What is a catheterization
While you were in the hospital, you received instructions on how to insert a catheter into your own bladder and practiced the procedure until you could do it on your own.
- Urine collecting hat
- Warm soapy water in a basin
- Clean washcloth
- Clean hand towel
Void into the hat. Measure the amount of urine and record it in the voided volume column on your record sheet.
Carefully, wash and dry your hands.
The female should self-catheterize when sitting on the toilet.
Soak the washcloth in warm soapy water and wring it partly dry.
Separate the thighs wide apart. With one hand, separate the labia. With the other hand, use the washcloth to clean the vulva from front to back in a single stroke. Alternately, an antibacterial wipe may be used, wiping once from front to back.
Still holding the labia apart, grasp the lubricated catheter with the other hand 3-4 inches from the tip. Insert the catheter slowly and gently into the urethra.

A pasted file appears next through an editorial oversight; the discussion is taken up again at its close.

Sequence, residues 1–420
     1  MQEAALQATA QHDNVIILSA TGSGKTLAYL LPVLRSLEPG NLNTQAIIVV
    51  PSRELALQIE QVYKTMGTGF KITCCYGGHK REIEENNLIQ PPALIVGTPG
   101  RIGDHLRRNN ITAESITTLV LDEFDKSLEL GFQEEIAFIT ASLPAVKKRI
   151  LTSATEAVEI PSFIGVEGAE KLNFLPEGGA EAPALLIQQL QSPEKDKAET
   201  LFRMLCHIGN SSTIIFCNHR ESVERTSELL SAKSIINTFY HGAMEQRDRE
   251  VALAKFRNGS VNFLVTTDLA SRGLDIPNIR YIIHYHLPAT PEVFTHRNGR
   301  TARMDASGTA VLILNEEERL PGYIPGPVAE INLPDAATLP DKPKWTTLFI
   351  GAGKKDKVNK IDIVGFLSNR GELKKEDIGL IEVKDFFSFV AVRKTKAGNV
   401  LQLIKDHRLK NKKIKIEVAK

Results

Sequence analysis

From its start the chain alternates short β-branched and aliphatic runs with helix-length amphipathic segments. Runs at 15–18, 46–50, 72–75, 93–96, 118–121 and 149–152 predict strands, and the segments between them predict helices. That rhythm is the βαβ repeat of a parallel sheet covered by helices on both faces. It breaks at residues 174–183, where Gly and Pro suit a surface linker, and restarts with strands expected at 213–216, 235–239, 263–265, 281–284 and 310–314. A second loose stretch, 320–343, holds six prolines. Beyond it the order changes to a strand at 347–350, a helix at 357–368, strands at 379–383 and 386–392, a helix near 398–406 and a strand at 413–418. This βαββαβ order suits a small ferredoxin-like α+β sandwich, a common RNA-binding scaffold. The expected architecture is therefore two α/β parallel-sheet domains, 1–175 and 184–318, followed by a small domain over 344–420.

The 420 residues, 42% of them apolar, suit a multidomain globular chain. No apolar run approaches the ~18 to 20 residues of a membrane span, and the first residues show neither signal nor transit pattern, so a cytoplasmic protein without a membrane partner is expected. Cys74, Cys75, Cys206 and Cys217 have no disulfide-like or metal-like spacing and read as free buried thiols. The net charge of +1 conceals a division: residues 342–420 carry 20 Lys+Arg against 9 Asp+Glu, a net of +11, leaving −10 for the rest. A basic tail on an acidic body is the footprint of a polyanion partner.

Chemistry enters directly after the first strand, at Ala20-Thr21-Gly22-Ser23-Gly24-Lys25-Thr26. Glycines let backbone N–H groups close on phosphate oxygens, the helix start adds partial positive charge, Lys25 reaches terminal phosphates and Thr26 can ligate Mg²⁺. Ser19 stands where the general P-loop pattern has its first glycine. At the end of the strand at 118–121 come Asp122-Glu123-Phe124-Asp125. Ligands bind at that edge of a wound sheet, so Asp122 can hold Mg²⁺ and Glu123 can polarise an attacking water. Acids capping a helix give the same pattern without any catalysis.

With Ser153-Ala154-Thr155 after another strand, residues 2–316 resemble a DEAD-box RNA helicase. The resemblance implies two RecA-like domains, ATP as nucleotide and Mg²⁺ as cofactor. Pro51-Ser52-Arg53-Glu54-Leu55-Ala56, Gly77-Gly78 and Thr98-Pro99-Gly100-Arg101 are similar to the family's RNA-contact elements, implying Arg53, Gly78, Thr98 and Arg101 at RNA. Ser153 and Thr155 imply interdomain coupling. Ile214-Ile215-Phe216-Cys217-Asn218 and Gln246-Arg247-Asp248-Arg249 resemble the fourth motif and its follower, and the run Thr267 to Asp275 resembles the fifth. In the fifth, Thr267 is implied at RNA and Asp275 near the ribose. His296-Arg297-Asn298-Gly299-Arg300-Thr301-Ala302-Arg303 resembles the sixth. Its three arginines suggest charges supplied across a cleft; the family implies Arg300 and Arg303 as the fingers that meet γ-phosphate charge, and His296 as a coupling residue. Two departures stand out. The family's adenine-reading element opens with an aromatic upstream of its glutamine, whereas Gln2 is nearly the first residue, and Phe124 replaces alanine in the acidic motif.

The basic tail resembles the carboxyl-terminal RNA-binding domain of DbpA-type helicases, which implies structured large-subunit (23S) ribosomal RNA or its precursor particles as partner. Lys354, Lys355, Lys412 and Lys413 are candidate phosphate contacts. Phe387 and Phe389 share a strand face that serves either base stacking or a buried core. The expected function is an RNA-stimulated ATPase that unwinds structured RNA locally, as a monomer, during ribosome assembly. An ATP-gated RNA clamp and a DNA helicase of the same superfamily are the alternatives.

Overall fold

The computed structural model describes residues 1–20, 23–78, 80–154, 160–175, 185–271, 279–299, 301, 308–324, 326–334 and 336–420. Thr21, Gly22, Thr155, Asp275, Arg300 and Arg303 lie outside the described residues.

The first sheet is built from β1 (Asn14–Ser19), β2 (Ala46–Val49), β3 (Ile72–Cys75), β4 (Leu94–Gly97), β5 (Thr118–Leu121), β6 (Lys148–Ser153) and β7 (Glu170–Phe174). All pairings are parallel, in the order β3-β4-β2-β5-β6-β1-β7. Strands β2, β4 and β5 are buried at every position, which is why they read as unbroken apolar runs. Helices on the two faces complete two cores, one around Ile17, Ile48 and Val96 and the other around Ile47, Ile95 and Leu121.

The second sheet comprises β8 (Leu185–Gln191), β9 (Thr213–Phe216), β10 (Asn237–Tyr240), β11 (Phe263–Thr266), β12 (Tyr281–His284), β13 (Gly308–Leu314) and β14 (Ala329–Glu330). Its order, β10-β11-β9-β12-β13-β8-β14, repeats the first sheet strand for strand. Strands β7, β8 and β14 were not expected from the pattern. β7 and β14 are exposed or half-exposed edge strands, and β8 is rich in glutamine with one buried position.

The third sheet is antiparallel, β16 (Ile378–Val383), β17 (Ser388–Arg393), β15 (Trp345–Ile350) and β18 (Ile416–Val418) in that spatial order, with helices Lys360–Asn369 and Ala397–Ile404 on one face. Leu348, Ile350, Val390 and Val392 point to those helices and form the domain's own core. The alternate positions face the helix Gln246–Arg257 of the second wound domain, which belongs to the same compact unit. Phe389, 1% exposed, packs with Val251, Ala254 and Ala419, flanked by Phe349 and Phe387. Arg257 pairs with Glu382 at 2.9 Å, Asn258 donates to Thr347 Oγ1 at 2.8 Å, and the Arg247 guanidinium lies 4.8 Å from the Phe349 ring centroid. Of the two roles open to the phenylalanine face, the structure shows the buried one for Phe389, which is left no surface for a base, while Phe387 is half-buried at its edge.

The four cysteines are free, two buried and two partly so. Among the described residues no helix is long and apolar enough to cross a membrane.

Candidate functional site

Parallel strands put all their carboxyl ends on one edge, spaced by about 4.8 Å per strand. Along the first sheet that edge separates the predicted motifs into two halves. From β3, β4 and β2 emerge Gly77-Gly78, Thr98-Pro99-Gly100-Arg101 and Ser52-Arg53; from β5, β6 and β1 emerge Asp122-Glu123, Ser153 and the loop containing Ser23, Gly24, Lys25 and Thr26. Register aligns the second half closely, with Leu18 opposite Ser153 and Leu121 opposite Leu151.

Thread the catheter into the bladder, a distance of 2 to 3 inches. When the catheter is in the bladder, urine will drain out. Collect the urine into the hat.
When the flow of urine stops, gently remove the catheter.
Measure the amount of urine in the hat and note the volume in the post void residual column of your record. Discard the urine into the toilet and wash out the hat.
Wash and dry your hands.
- During the insertion, never force the catheter.
- If you meet resistance and cannot advance the catheter, remove the catheter and notify your healthcare provider.
Always, measure the amount of urine in the hat and write it down in the post-void residual column of your output record.